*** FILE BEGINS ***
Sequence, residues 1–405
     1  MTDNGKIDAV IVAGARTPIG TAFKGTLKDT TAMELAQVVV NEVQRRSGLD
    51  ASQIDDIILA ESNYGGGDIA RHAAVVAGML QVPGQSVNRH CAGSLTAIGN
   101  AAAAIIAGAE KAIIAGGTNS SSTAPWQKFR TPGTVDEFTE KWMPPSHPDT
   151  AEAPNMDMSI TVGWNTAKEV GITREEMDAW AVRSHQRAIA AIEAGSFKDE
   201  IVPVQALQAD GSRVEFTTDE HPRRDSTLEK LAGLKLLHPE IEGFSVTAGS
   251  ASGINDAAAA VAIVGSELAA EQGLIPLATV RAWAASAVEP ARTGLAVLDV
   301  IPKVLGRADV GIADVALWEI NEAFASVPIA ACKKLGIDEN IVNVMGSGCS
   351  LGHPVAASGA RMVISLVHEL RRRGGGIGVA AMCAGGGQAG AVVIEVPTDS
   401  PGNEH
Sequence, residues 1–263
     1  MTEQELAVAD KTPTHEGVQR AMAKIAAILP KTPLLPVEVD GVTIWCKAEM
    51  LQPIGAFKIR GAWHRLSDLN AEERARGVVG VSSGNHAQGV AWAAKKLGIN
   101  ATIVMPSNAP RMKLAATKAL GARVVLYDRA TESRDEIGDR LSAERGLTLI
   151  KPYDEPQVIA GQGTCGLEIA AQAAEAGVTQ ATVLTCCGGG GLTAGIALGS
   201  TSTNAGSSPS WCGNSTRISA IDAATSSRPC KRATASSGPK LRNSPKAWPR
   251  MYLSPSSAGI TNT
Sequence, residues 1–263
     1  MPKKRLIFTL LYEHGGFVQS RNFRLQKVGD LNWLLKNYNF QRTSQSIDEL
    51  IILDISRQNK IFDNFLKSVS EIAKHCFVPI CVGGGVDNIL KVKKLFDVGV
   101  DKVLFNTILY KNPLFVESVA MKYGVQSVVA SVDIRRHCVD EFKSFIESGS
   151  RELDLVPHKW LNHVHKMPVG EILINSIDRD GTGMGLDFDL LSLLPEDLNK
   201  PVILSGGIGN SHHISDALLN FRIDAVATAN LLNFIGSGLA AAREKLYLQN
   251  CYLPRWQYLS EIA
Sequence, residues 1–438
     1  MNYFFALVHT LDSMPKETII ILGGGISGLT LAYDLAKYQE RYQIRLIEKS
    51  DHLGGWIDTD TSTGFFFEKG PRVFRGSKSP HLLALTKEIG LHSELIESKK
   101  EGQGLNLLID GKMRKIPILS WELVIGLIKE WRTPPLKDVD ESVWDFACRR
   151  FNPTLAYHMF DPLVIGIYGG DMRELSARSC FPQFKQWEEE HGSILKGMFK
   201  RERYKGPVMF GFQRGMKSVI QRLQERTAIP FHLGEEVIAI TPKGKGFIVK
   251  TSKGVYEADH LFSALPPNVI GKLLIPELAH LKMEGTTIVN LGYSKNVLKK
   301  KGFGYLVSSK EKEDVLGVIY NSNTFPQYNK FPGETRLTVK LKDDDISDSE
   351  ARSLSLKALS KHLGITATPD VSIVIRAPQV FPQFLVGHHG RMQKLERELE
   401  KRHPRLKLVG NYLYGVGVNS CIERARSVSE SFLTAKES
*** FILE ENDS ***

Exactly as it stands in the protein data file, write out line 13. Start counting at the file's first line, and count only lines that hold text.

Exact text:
    51  LQPIGAFKIR GAWHRLSDLN AEERARGVVG VSSGNHAQGV AWAAKKLGIN